The more accurately you can describe how you feel, the better predictions your brain will make and the better you will start to feel.

In the earlier example, when I more accurately described why I was feeling the way I was feeling, I instantly started to calm down.

So, take some time to expand your emotional vocabulary (even researching emotion words in other languages) and get into the habit of being as specific as you can about how you are feeling.

5. Edit your thinking

One of the best things that I have learned from my mentor, co-author, and friend Dr. Richard Bandler is the idea of learning to think on purpose. Ellen Langer, involved in the mindset studies mentioned earlier, describes her version of mindfulness as becoming better at noticing what is going on in the world so that you are no longer stuck in automated thinking processes.

When I say ‘edit your thinking’, I am talking about a specific way of doing this.

There’s a special kind of language described as ‘e-prime’ by David Bourland in his work based on the field of general semantics. E-Prime is English with the verb ‘to be’ removed. The idea is that by avoiding using words like ‘is’ or ‘are’ we can be more accurate in our language. Instead of saying ‘That is bad’, we would say ‘That seems bad to me’. This form of thinking is not only accurate; it is also much more useful than what we normally do.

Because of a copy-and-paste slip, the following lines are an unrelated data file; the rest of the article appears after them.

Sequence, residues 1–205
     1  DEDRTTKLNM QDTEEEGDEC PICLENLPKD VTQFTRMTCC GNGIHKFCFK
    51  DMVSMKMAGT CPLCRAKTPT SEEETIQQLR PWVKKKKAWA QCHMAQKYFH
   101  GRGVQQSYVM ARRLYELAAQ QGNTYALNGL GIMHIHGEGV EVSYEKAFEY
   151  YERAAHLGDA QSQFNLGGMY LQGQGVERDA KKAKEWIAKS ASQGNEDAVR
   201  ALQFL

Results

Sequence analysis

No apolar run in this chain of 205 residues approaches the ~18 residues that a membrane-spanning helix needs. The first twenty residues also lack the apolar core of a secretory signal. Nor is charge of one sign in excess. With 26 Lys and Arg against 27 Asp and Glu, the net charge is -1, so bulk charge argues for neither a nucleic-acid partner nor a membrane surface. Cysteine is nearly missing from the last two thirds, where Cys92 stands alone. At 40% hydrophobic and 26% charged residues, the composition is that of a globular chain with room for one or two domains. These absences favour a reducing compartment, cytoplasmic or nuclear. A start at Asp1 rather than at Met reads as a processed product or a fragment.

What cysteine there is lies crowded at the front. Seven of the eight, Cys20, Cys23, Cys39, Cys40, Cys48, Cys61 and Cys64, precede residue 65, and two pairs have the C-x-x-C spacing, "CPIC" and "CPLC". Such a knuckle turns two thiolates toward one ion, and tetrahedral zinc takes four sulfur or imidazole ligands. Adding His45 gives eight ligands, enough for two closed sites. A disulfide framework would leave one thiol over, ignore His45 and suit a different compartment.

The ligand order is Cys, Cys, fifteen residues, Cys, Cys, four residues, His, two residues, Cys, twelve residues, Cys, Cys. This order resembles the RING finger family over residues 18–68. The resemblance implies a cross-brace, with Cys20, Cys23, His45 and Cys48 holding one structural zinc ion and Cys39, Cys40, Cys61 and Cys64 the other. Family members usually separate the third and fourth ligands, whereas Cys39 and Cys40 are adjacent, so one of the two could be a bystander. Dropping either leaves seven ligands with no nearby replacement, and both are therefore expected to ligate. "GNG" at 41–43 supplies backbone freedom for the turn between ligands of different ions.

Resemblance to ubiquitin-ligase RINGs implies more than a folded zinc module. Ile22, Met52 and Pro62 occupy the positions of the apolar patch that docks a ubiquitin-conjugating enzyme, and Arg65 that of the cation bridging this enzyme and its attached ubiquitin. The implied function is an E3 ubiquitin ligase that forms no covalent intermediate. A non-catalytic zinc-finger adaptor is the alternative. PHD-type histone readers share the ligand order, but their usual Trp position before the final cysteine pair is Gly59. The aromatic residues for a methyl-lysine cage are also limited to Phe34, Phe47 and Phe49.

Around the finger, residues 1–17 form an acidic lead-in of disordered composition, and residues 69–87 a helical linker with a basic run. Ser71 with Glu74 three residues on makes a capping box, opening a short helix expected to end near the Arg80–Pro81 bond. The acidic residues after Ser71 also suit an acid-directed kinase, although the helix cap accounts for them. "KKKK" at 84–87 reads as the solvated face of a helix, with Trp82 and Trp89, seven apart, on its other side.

So many of the worst kinds of thoughts and feelings we have experienced are a direct result of the generalizations and exaggerations we use in an attempt to keep things simple. When you edit your thinking, you aim to be more accurate in what you say and how you think.

Notice when you use generalizations to others. Notice when you use hyperbole and exaggeration to others. Notice when you use them to yourself. Write down your thoughts regularly, go through each sentence, and correct it so that it becomes more accurate.

Challenging incidents of exaggeration, hyperbole, and changing ‘is’ to ‘seems’ in your speaking and writing can be transformational for your mental health. So many of the worst emotions we feel are built through these patterns.

6. Think with probability